WSB: Yes, but always remember, there’s no point trying to be faithful to the book because film and writing are just two completely different things. Any film stands on its own, apart from whether it’s based on a novel.
AG: Does this film stand on its own as logically as the book? In other words, the book has that logical frame. The film, I couldn’t tell. It was sort of like . . . Yeats has the phrase Hodos Chameliontos, chameleon-like, in that you don’t know where the beginning or the middle or the end is, so it’s an unrelieved hallucination, because you don’t know where you’re coming in and you don’t know where you’re going out. It ends, you’re going into the hallucination, or maybe coming out of it, I don’t know. Annexia might be waking up from having committed killing or waking from a dream of having committed killing or maybe a continuation of the hallucination. It’s kind of an indecisive moral, or an indecisive resolution of the condition of hallucination. In the book, you touch on the reality. Here reality is touched on when Martin . . . the two writers come in occasionally.
WSB: Now remember that there isn’t any Kerouac in the book.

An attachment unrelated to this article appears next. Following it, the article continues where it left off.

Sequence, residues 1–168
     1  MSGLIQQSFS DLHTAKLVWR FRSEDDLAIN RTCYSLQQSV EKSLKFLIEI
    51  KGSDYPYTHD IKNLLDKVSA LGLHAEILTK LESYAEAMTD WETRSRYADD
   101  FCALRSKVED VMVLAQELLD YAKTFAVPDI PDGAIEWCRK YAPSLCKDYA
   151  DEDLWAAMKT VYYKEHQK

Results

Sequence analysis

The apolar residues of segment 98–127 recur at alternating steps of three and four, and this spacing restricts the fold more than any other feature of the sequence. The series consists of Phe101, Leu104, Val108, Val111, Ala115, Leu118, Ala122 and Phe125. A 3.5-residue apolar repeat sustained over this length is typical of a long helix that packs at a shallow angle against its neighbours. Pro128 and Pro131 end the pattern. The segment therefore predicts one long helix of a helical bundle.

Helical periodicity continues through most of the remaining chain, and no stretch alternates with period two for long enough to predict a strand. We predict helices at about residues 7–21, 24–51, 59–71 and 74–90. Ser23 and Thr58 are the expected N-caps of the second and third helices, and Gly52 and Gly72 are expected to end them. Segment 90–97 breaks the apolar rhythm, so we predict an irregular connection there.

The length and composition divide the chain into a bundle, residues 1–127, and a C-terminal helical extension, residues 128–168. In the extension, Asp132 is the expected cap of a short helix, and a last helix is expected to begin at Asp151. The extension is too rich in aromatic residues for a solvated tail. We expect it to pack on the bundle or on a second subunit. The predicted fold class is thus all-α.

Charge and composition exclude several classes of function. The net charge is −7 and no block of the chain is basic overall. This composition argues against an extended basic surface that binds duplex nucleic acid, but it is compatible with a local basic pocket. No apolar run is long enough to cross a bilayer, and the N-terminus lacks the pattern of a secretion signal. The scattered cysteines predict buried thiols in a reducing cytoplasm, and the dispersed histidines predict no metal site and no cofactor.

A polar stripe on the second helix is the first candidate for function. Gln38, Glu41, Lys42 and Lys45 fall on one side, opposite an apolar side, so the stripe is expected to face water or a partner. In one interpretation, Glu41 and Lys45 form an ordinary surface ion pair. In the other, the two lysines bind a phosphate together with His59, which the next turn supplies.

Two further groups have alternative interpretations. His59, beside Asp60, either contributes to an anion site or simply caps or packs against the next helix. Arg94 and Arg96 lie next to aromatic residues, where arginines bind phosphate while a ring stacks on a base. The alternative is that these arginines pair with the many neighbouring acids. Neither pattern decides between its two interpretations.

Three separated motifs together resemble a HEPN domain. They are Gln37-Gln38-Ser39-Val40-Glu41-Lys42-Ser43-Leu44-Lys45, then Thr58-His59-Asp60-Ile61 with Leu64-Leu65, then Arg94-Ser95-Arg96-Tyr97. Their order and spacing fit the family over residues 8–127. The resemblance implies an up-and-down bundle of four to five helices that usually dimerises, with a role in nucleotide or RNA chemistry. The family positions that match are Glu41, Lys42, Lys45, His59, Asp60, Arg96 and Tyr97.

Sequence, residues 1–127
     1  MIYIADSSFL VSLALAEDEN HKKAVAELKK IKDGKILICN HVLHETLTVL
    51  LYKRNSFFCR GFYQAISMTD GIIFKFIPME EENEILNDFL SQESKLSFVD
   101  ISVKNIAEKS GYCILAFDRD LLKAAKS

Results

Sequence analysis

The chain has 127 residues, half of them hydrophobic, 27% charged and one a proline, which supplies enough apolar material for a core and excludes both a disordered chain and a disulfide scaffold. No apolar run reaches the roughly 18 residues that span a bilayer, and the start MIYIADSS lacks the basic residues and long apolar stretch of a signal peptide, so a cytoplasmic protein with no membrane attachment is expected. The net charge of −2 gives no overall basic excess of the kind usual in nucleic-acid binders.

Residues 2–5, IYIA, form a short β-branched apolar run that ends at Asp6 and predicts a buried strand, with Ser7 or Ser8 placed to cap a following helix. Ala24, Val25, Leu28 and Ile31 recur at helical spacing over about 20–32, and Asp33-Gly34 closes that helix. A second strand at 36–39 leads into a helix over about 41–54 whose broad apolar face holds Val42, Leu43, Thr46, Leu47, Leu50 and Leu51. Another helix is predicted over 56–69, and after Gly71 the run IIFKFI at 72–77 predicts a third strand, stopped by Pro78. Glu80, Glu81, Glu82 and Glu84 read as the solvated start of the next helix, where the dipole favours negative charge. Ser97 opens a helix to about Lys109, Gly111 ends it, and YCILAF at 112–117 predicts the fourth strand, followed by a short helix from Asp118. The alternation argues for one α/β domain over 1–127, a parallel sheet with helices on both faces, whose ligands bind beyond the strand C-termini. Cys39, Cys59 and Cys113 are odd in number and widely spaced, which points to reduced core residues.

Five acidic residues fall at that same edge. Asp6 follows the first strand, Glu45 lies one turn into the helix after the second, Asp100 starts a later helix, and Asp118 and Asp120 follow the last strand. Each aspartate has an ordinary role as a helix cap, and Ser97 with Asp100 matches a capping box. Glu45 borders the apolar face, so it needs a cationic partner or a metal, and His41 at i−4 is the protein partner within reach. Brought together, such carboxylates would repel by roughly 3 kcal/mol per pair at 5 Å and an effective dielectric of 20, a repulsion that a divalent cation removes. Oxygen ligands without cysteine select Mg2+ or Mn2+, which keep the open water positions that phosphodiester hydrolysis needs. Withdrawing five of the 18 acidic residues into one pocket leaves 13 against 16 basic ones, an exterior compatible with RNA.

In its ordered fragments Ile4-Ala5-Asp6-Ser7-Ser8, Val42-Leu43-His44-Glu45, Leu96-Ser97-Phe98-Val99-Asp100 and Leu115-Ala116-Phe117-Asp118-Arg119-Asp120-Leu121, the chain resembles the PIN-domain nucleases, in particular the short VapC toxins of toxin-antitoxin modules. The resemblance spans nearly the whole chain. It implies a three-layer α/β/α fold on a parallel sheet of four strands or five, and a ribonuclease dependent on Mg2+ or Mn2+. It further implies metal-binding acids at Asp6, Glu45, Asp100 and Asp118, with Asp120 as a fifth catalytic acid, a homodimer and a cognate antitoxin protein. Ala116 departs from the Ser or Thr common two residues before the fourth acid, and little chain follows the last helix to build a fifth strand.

AG: Yeah. So that’s just added in from biography. And what other elements? So they took from Queer. And they took from Exterminator. The opening chapter of Exterminator with the addiction to bug powder.
WSB: Bug powder, yes. There’s a book called Mummy and the people actually seem to have become addicted to mummy dust. And mummy dust was somehow made from people who’ve died of the most loathsome diseases. It’s too bad that Cronenberg didn’t see this book, see I only saw it after the film was made. It might have been of interest to him.
AG: Who do you read now, among American writers? You read Mailer’s Ancient Evenings.
WSB: I read Mailer’s Ancient Evenings with great interest because I was interested in . . . the seven souls structure, which was very helpful to me in Western Lands. And also in Place of Dead Roads. So that’s Mailer. But I read a lot of books for information, like doctor books, spy books. . . .
AG: Like this book actually. Exorcism.
WSB: Exorcism is a subject that interests me, and books on shamanism, I’ve read through.
AG: You read a lot of spy novels. Did you see Mailer’s new huge spy novel, Harlot’s Ghost?
WSB: I have seen it yes.
AG: Have you read it at all?
WSB: Not all.
AG: Looked a little like Dos Passos. You know, that composite of realistic news and news headline and journalism and fiction. But apparently, he’s come to funny ambivalent feeling about the C.I.A., both admiration and loathing or something. Sort of like life itself, complicated and . . . a big complicated organism that you shouldn’t kill, necessarily.